Irritable Bowel Syndrome (IBS) affects around one in five people in the UK. You can develop IBS at any age, but first symptoms usually occur between the ages of 20 and 30. Women are twice as likely to get it as men.
It’s not clear what causes IBS in some people – some believe they developed IBS after a bout of gastroenteritis and there is also evidence that the condition can be inherited.
You may find your symptoms are triggered by stress, eating certain foods, for example fatty foods, and taking certain antibiotics which affect gut bacteria. However, triggers are different for each person making them tricky to identify and therefore to avoid.
The most common symptoms include tummy pain, often in the lower left hand side and can vary from a dull ache to a sharp pain which may ease after going to the toilet. Bowel habits may change, alternating between constipation and diarrhoea, and may contain mucus. Your abdomen might also look and feel bloated.
Other common symptoms include fatigue and difficulty sleeping. There is also a link to anxiety and depression which may be caused by the stress of living with IBS – or some believe IBS symptoms may be an expression of mental stress, it’s unclear which comes first but it can certainly produce a vicious cycle so relieving anxiety is important.
IBS symptoms which are occasional and mild can often be eased with lifestyle changes and over-the-counter medicines from your pharmacy. But if your symptoms make it difficult for you to go about your daily activities, or they are new or have changed, it’s important to speak to your GP. IBS can’t be confirmed with a test. It’s usually diagnosed if you have typical IBS symptoms. However your GP may recommend you have blood or stool tests and/or scans to rule out some other conditions.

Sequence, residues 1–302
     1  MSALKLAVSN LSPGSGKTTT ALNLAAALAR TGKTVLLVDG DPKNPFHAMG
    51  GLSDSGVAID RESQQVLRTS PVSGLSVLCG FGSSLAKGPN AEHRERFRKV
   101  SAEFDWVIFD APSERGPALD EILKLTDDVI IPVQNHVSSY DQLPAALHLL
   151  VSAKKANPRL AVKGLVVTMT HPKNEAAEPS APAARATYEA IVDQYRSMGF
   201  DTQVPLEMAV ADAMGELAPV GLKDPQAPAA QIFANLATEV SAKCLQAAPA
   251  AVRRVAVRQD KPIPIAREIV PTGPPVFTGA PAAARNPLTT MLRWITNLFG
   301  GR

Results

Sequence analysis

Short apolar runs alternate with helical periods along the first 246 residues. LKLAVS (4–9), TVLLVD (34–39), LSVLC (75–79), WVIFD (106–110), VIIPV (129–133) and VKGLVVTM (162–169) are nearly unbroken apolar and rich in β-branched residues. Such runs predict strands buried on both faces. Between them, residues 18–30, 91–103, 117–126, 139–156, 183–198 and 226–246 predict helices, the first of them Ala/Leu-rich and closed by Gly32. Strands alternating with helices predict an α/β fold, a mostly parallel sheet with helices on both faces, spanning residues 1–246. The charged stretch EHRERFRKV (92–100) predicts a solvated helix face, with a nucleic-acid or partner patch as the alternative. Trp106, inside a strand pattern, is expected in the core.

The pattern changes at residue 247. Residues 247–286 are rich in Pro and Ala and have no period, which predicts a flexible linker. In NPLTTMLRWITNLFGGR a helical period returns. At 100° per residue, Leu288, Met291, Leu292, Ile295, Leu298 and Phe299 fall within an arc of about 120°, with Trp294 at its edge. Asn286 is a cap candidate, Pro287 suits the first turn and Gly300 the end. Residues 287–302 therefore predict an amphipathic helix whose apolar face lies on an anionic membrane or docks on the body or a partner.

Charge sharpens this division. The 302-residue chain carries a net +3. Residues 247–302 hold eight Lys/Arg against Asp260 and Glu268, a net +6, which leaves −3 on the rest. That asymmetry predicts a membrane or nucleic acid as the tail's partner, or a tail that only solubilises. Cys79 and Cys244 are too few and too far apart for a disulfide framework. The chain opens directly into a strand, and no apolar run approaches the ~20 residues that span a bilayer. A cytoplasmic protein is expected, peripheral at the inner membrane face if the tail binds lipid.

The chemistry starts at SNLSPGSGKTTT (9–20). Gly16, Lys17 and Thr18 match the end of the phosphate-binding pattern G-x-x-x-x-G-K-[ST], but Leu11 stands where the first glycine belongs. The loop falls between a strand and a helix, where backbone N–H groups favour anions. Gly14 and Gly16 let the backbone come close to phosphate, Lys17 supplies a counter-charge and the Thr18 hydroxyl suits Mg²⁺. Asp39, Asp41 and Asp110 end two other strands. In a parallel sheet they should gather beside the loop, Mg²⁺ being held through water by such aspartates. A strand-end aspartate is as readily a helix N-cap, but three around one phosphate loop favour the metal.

If you think you might have IBS keep a diary for a four weeks listing information on diet, medication, bowel habits, pain, exercise and mood. This will help the GP with a diagnosis and to help choose the right treatment plan.
Adjusting your diet and lifestyle can really help. Ensure you eat regular meals and drink at least eight glasses of water a day. Try to avoid, or at least limit, caffeine intake. You may have to adjust the amount and type of fibre you have in your diet depending on the type of IBS you have – your GP can give you a steer on this. Try to limit the amount of processed foods you eat and cut out artificial sweeteners, such as sorbitol, as they can cause diarrhoea.
Regular exercise of at least 30 minutes a day on at least five days each week often helps with symptoms, including mental wellbeing.
If your symptoms don’t improve with lifestyle changes, you may wish to try medicines although discuss with your pharmacist before doing so. Laxatives, such as ispaghula (eg Fybogel), can help if you have constipation. Antispasmodic medicines, such as mebeverine hydrochloride (eg Colofac) and peppermint oil capsules may help your abdominal pain and wind. Loperamide (eg Imodium), may help with diarrhoea. As with any medicine, if you find you have to use regularly then I suggest you visit your GP.
Richard Dunn is a community pharmacist with Gordons Chemists.
The content of this article is for general information purposes only. The information is not for diagnostic purposes and should not be treated as such. You should not rely on the information in this column as an alternative to medical advice from your GP.